Last night I sat down to watch channel 4’s one off drama ‘Cyberbully,’ and I can confirm that I was gripped throughout. Starring ‘Game of Thrones’ actress Maisie Williams, I’d have to give her a pat on the back for her portrayal of the small percentage of social media users out there. With a computer screen amassed with media outlets (Twitter, Facebook, Instagram, Skype and Instant Messenger,) a smart phone by her side and a world of possibilities that await the tender push of a keyboard button, we follow a hackers self righteous attack on Casy to make her see the errors of her cyber bullying ways.
The Internet has long been the screen that some feel they can hide behind and this harrowing almost docu- drama hopefully gave some food for thought. I’d say that almost 99.9% of us have come to post something that somebody else would not agree with and that my dear is fine because we live in a world where there is freedom of speech and such a thing as healthy debate. We type a status, a tweet or post a picture or video to generate a reaction; a like, a comment, an emoji, a share, a retweet, a favourite, a follow… It’s all a bit tiresome really!
Casy is informed that her ex boyfriend has posted some rather personal details about her and some medication she takes. On one, Casy and BFF Megan plot to hack with the help of a fellow pupil into the Twitter of the ex, but fearing a royal kicking their hacking accomplice declines to help. A milo second later and the hacker has had a change of heart (or so Casy is lead to believe,) so Casy goes about her vendetta and posts something that would make any teenage lad weep. At first Casy seems to bask in the glory when she feels her vengeful comments towards the ex and videos insulting and mocking others is being applauded but she grows suspicious when things don’t match up.
The Internet is the perfect place to play out your malicious fantasies, to insult people that have never met you and basically be a a tool. I don’t get the twisted appeal really, making someone feel low to get a cheap frill? It’s not as if the person making such freaky comments has the pleasure in seeing their victims pain but that’s where they must be gagging and itching for a furious response, hoping they’ve insulted and angered that person enough to fuel the fire. I can’t lie, I’ve seen some pretty vile tweets and it’s got to me even when it’s nothing to do with me.
In a change of events Casy is forced to see how her actions lead to bigger consequences. Putting people down and brushing it off as funny- in a culture of laugh at or be laughed at.
Just like the film ‘Saw’ Casy is subjected to a cat and mouse game where she must convince the anonymous troll that she honestly repents all of the hurtful, brutal, shameful and down right nasty actions she has acted out via social media, as well as under a pseudonym to conceal her identity. We see a girl in a video clip being ridiculed because it’s suspected she might be gay but more importantly it is the sharing of Jennifer Li singing that kicks off this online attack.
She is blackmailed and coerced into certain situations which appear lose/ lose. Although far fetched, it teaches us a huge lesson, if the shoe was on the other foot, how would we like it?
We’ve seen so much recently in the media regarding hacking and although not as imperative and crucial to stop as let’s say a Government file being broken into, naked pictures of celebrities including Jennifer Lawrence have been surfacing for quite a while. I can’t quite fathom how somebody could commit such a cowardly and sinister act towards another person. Trolling is defined as:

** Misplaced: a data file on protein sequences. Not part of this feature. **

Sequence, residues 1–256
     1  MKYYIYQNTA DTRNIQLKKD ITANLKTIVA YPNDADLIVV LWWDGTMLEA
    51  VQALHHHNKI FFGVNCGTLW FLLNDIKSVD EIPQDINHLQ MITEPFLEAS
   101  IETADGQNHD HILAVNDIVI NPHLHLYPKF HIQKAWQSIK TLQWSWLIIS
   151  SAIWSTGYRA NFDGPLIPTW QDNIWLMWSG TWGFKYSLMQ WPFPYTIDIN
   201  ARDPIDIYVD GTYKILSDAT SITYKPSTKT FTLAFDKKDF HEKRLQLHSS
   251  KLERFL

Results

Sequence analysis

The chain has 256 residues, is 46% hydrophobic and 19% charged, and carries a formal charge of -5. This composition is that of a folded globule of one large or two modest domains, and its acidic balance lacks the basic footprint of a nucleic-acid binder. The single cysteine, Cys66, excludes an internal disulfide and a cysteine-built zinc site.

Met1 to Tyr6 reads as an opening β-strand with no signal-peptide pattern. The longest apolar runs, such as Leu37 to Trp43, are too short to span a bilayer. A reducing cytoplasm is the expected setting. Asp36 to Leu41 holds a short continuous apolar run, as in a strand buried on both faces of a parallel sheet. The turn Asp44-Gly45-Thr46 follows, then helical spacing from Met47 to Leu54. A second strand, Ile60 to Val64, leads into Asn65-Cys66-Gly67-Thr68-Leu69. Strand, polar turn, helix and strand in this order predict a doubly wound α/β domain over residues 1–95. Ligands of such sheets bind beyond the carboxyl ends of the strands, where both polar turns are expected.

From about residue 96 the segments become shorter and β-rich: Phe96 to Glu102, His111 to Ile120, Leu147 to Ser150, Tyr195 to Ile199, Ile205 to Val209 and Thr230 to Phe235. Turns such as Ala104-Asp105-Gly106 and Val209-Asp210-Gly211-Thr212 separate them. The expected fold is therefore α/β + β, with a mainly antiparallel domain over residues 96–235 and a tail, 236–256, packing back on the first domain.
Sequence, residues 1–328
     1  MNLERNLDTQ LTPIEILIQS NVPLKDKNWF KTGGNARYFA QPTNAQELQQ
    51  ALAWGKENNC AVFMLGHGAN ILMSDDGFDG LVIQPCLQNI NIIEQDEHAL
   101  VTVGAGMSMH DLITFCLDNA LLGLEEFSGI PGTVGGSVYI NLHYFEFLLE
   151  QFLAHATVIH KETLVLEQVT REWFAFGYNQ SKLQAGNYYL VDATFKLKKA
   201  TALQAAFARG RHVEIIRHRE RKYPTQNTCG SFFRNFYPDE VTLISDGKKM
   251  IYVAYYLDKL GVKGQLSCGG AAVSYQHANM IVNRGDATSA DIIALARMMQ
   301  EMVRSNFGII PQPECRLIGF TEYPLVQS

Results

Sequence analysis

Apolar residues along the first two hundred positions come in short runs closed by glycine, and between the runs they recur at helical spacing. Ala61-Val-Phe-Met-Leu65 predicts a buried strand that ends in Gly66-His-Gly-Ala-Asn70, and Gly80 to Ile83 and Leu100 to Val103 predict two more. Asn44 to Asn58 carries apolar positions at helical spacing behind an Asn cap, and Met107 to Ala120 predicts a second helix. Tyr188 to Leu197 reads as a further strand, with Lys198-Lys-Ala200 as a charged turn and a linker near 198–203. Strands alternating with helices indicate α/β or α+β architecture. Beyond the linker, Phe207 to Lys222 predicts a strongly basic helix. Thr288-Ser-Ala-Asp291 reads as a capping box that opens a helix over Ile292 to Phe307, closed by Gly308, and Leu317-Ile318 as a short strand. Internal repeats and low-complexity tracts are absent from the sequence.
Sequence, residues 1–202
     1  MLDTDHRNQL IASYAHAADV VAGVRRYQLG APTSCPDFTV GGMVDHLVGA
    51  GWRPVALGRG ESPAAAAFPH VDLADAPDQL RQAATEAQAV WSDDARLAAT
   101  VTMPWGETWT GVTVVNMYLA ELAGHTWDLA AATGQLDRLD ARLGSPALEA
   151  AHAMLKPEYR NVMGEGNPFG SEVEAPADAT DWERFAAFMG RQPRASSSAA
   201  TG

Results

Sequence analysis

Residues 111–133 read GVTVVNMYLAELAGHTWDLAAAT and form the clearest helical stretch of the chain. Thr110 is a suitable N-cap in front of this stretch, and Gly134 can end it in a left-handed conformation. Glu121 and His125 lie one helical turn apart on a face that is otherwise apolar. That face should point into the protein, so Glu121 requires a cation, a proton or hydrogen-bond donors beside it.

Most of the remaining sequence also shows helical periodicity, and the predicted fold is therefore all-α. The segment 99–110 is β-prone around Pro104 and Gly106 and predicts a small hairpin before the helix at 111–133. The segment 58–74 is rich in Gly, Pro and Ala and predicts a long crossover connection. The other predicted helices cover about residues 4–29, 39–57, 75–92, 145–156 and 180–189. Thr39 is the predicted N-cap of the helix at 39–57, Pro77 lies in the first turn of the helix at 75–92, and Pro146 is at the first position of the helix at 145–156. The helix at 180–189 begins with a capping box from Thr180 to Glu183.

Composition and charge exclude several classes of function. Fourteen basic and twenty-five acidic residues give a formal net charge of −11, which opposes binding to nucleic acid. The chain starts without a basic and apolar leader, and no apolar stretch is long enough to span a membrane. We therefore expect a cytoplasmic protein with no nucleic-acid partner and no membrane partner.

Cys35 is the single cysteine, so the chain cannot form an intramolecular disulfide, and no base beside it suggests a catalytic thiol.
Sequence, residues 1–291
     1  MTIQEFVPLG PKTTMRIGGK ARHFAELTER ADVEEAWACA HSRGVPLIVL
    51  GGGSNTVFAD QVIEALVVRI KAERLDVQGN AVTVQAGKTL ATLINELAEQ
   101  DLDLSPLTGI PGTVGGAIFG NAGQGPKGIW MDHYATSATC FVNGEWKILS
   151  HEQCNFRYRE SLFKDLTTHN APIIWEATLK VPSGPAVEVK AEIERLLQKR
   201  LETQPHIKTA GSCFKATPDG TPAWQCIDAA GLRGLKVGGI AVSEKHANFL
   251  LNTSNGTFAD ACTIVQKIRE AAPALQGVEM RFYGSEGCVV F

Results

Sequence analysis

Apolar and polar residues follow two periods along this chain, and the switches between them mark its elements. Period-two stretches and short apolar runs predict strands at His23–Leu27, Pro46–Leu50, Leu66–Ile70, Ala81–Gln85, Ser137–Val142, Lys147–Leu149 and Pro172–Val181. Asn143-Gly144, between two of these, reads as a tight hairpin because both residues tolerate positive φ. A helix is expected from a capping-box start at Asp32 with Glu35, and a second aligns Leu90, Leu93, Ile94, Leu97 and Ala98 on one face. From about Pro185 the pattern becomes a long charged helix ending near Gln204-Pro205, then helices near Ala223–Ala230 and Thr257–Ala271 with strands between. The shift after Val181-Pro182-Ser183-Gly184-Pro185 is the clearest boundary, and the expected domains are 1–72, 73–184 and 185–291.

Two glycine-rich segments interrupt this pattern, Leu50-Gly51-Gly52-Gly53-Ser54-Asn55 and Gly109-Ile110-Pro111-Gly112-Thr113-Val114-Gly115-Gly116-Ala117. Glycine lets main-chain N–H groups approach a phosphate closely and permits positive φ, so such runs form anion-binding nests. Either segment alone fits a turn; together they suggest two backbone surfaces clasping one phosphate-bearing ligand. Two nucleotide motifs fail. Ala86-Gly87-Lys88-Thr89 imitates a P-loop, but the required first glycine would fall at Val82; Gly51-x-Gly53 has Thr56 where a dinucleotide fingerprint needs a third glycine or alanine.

‘A person who sows discord on the Internet by starting arguments or upsetting people, by posting inflammatory, or off topic messages in an online community with the deliberate intent of provoking readers into an emotional response.’
We’ve all quite possibly come into contact with a troll. I once received a Facebook message from somebody that had friend requested me on facebook after a brief television appearance. The troll was sugar, spice and all things nice until she disagreed with one of my statuses, prompting a barrage of messages including racist slurs and pathetic comments about my appearance and voice. I wasn’t shocked at the things she was saying to me because they were very playground insults but what shocked me the most was how this person’s character had changed so drastically from lovely to hideous.
We hear it often that female celebrities are subjected to antagonistic comments and claims- from their weight, to lies about their partners, to just damn right ugly and abusive taunts and threats. Unfortunately it’s not just the celebs that get a hard time, so it’s imperative we do what we can to avoid an online bashing.
There are a handle of ways that we can help prevent being a cyber victim-
1) Where you can, turn your profile to private. This will ensure that nobody without the skill of hacking can view them and comment.
2) Be aware of the content that you are posting- think to yourself would this offend somebody, embarrass or shock?
3) Report it- Don’t even question if something somebody has written regarding you seems minor.
4) Block it out- a useful feature in the life of a social media obsessive. If somebody is bang out of order and you don’t want to hear it, kick them where it hurts.. Trollers can’t stand to be ignored.
‘Cyberbully’ was a bitter sweet lesson, you feel sorry for Casy for being subjected to this online torture but then you learn that she’s not much better than the person trying to teach her a lesson. As Gandhi once said “An eye, for an eye makes the whole world blind.”
If you would like to know more about about online bullying and would like to seek advice, click here-